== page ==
Logo: University of Southern California

A Marketplace for Algorithms

Former Ph.D. candidate sees an opportunity in bringing algorithms out of academia and into the marketplace
By: Natalia Velez
April 28, 2015 —
Illustration by Katherine Duffy

Our entire digital world depends on algorithms – sets of detailed instructions that computers follow in order to solve problems. Algorithms determine the ads we see on the Internet, matchmaking on OKCupid, high frequency stock trading and the news that show up in our social media feeds. In a modern, computerized era, these processes will only continue to grow in importance and complexity.

Because algorithms are the foundation of computer science, most engineers spend a lot of time developing and testing them. Nonetheless, the majority of algorithms born in academia never make it outside the classroom.

Kenny Daniel, a 30-year-old former Ph.D. candidate in the USC Viterbi Department of Computer Science, sees an opportunity in bringing algorithms out of academia and into the marketplace.

“Engineers develop new algorithms on a daily basis, but what normally happens is that they write a paper about it, get it published and move on,” Daniel said. “These algorithms don’t make it out into the world, where they could actually benefit people.

“There’s a huge supply of algorithms and a huge demand for them, they just aren’t meeting,” he added. “I saw this as a perfect opportunity to build a market.”

And so he has. Algorithmia is a marketplace for algorithms, which means that developers can go on-line and upload their code making it available as a web service. The prototype works very much like the Apple Store, in which users buy apps according to their needs.

With Algorithmia, users can purchase and download sets of instructions that allow their computers to perform specific tasks, such as language processing and computer vision. This system creates an opportunity for both companies in need of algorithmic talent and computer scientists whose work remains in the form of a published paper. The cost of an algorithm oscillates between $20 and $100, and the author sets the price.

Some small companies are already beginning to become familiar with the system. For instance, the travel agency Concur is contemplating the possibility of incorporating an algorithm to categorize its seating data. By finding an algorithm that can perform this function via Algorithmia, Concur could obtain it at a reasonable cost.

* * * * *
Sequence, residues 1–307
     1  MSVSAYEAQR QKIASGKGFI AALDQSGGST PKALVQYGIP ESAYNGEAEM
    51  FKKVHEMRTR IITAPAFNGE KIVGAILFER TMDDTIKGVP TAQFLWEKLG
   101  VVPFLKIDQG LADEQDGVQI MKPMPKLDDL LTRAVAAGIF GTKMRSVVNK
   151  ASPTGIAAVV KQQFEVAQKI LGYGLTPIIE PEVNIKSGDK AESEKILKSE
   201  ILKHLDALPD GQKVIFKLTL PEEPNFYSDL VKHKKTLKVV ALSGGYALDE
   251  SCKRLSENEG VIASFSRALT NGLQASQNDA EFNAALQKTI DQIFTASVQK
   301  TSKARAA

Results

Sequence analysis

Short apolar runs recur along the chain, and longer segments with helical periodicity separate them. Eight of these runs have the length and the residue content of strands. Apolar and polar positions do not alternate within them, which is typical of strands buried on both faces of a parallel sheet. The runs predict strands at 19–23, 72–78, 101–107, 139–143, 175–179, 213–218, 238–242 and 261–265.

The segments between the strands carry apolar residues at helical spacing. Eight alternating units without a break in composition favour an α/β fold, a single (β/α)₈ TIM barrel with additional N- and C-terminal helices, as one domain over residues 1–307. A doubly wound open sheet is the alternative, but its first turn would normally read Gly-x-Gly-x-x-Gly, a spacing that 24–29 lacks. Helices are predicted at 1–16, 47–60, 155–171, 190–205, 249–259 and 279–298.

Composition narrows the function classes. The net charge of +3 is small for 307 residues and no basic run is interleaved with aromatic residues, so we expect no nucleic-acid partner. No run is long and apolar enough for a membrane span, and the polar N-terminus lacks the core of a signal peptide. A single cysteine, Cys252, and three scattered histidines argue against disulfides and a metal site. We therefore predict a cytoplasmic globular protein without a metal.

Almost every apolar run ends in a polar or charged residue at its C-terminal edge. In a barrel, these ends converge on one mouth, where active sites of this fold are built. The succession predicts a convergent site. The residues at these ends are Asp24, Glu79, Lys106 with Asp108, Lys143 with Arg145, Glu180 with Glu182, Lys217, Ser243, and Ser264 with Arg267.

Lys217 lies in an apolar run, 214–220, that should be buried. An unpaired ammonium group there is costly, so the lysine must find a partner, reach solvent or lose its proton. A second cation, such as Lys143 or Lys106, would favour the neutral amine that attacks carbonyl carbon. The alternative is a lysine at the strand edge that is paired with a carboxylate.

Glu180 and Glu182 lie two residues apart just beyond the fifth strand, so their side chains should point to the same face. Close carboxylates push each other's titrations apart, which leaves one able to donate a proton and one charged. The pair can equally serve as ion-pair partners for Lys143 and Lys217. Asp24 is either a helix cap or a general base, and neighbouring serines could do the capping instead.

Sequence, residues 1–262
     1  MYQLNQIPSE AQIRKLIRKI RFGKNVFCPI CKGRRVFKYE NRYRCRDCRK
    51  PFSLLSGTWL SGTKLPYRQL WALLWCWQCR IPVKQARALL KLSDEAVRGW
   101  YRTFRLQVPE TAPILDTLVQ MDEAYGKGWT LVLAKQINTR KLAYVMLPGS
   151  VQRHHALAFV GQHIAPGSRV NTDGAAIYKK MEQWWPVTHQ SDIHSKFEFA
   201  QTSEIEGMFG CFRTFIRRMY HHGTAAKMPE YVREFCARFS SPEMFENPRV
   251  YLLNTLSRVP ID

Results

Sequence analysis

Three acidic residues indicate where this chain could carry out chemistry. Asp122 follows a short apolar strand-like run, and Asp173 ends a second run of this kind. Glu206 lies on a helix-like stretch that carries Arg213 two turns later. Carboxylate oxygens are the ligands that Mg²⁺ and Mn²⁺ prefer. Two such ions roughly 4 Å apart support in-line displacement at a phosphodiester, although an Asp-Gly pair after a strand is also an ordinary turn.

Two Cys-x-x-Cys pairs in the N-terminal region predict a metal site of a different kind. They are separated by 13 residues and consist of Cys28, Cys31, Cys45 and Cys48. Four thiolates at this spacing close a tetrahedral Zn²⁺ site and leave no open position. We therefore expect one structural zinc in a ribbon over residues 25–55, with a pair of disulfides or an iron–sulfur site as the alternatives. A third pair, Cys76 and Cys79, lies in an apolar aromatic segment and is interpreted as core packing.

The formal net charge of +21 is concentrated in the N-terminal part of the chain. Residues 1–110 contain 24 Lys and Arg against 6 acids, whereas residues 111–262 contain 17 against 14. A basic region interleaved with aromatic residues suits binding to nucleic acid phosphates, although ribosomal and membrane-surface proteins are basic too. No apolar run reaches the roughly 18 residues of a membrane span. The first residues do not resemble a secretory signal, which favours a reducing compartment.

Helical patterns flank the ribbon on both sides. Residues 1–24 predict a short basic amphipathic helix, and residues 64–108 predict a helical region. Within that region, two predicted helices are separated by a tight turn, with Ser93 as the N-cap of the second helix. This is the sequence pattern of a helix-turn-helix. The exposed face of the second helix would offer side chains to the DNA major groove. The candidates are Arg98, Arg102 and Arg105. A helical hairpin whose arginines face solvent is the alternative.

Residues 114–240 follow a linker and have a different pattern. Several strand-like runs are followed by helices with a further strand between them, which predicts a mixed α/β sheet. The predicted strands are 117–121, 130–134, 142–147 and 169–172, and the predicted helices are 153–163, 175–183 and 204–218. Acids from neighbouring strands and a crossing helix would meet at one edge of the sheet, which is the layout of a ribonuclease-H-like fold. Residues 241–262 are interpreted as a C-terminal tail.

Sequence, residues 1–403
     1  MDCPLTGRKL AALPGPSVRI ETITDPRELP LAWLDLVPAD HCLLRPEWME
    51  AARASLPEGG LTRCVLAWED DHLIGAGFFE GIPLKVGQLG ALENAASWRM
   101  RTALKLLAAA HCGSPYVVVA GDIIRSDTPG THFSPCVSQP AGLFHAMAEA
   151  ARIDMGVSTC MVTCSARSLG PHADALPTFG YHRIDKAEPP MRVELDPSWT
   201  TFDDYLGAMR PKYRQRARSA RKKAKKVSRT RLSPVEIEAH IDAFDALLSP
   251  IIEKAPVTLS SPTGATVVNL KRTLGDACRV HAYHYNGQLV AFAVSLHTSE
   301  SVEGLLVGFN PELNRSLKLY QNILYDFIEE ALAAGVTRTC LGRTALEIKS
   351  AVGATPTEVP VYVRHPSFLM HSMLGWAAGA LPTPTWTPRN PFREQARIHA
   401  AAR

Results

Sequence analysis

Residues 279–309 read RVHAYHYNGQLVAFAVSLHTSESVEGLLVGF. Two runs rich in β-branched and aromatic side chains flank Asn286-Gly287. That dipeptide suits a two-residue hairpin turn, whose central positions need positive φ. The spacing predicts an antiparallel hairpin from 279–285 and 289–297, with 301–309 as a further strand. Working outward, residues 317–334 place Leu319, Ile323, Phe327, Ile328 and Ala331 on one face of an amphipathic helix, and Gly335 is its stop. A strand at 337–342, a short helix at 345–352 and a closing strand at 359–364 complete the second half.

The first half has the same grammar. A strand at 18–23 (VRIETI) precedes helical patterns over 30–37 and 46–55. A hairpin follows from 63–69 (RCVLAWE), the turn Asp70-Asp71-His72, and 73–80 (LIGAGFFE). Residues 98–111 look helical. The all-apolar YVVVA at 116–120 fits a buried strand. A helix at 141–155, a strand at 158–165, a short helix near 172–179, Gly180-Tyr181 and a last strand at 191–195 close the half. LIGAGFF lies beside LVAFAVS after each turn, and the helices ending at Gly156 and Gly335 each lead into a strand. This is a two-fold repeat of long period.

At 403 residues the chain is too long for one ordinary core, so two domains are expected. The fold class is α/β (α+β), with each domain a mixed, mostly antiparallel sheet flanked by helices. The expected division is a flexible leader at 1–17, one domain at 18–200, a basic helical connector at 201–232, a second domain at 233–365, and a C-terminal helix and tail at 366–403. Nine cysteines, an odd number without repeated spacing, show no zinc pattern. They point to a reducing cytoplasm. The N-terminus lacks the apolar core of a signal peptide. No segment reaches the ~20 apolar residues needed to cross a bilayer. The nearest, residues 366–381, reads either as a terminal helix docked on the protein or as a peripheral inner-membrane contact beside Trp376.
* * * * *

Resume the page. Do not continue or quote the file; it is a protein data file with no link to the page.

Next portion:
Going Back in Time

Before Algorithmia, Daniel and his best friend, Diego Oppenheimer, had considered building a computation market for a while. But it wasn’t until 2008, when Daniel enrolled in the doctoral program for computer science at USC and Oppenheimer landed a job at Microsoft, that they developed the idea of Algorithmia.

Algorithmia founders: Kenny Daniel (L), a former USC Viterbi Ph.D. candidate, and Diego Oppenheimer (R)

“As a graduate student, I became familiar enough with the experience of working hard to create an algorithm and then just throwing it away,” Daniel said. “On the flip side, Diego had a more corporate vision.”

Initially, the two friends worked on Algorithmia on the side, but developing the prototype required full-time commitment. In the fall of 2013, they took the leap. After six years at USC Viterbi, Daniel decided to expand beyond his academic research, while Oppenheimer quit his job at Microsoft. The pair rented some office space in Seattle, since Oppenheimer’s family was already established there.

“As we started building Algorithmia, I would work every night with Kenny from 9 p.m. to 4 or 5 a.m., and then go to my ‘day’ job at Microsoft.” Oppenheimer said. “We eventually realized that it was time to switch from eight hours a night to full time."

Today, all those long hours are beginning to pay off. Algorithmia now employs six software engineers and has started developing projects for a small number of companies.

“The moment we started getting attention from investors, the entire tone of the conversation changed,” said Daniel. “We confirmed that our initial hypothesis was true, and that a connection between companies and algorithm developers would be mutually beneficial.”

Daniel believes that he wouldn’t have been able to develop the idea of Algorithmia without the influence of his classmates and professors at the USC Viterbi Department of Computer Science.

“Soon after Kenny joined USC, he talked about his idea of creating algorithms to support new markets,” said Sven Koenig, Daniel’s doctoral advisor at USC. “It was no big surprise to me that he became interested in applying his ideas in a more applied and thus non-academic setting. The idea behind Algorithmia is unique.”